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The sunflower seed is the fruit of the sunflower (Helianthus annuus). The term “sunflower seed” is actually a misnomer when applied to the seed in its pericarp (hull). Botanically speaking, it is a cypsela. When dehulled, the edible remainder is called the sunflower kernel or heart.
There are three types of commonly used sunflower seeds: linoleic (most common), high oleic, and NuSun. Each variety has its own unique levels of monounsaturated, saturated, and polyunsaturated fats. The information in this article refers mainly to the linoleic variety.
For commercial purposes, sunflower seeds are usually classified by the pattern on their husks. If the husk is solid black, the seeds are called black oil sunflower seeds. The crops may be referred to as oilseed sunflower crops. These seeds are usually pressed to extract their oil. Striped sunflower seeds are primarily used for food; as a result, they may be called confectionery sunflower seeds.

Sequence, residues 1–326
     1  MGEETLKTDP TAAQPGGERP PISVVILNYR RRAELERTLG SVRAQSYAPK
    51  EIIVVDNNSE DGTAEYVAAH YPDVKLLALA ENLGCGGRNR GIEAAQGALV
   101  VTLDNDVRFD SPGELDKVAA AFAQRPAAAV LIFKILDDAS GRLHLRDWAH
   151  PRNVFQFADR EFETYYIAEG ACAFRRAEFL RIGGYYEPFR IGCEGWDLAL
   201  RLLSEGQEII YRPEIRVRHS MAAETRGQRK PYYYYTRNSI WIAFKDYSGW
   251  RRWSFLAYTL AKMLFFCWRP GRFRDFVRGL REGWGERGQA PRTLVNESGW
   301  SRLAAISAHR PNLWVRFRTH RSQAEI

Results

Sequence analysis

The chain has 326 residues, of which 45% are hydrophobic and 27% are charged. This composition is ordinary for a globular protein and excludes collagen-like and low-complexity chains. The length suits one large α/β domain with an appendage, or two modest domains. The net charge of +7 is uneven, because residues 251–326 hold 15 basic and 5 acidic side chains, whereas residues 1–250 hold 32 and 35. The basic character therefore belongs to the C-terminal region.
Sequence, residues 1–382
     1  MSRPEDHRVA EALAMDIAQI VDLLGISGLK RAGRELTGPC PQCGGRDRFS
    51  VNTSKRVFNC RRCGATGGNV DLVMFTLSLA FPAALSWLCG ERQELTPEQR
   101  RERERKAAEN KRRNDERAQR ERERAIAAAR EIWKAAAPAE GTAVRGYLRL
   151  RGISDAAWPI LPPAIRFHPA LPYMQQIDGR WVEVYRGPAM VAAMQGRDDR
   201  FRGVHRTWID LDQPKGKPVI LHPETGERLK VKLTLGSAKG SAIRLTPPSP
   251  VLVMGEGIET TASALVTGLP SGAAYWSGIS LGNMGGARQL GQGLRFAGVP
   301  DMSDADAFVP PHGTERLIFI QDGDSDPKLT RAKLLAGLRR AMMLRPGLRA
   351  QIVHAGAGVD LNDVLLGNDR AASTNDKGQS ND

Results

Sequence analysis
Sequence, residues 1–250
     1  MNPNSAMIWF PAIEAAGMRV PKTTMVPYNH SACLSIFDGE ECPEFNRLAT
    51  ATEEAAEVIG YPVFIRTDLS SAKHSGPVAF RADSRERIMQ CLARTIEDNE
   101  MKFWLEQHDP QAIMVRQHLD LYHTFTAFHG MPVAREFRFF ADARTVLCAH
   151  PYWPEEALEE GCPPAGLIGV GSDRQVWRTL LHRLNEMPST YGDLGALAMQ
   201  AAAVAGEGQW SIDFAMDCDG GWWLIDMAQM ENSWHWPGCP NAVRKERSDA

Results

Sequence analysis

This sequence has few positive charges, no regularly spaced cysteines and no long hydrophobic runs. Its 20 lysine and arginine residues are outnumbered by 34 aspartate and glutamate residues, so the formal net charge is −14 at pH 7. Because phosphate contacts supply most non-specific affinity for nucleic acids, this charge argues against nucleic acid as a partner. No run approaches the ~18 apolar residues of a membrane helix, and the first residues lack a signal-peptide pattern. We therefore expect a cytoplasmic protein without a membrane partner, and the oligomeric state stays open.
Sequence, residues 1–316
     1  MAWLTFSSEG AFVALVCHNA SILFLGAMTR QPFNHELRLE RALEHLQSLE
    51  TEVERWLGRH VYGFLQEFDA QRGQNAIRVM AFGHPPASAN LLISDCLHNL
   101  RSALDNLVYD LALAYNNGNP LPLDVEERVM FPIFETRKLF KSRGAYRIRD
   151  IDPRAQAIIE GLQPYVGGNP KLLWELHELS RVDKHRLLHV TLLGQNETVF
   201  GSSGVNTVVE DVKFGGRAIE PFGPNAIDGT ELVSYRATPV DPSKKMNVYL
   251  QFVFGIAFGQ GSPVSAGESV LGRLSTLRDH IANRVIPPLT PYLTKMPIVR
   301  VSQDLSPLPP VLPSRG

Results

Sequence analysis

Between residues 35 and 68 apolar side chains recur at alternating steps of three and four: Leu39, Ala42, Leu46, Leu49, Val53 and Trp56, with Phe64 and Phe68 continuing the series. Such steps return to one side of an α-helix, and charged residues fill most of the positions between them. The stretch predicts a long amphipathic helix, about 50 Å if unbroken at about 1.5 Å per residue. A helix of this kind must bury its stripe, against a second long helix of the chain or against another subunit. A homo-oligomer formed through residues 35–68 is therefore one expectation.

When in-shell seeds are processed, they are first dried. Afterward, they may also be roasted or dusted with salt or flour for the preservation of flavor. Dehulling is commonly performed by cracking the hull with one’s teeth and spitting it out while keeping the kernel in the mouth and eating it.
Sunflower seeds sold by the bag are either eaten “plain” (salted only) or with a variety of flavorings added by the maker including barbecue, pickle, hot sauce, bacon, ranch, and nacho cheese as well as others.
In-shell sunflower seeds are particularly popular in Mediterranean and Asian countries where they can be bought freshly roasted and are a common food, while in many countries, they can be bought freshly packed in various roasted flavors. In the United States, they are commonly eaten by baseball players as an alternative to chewing tobacco.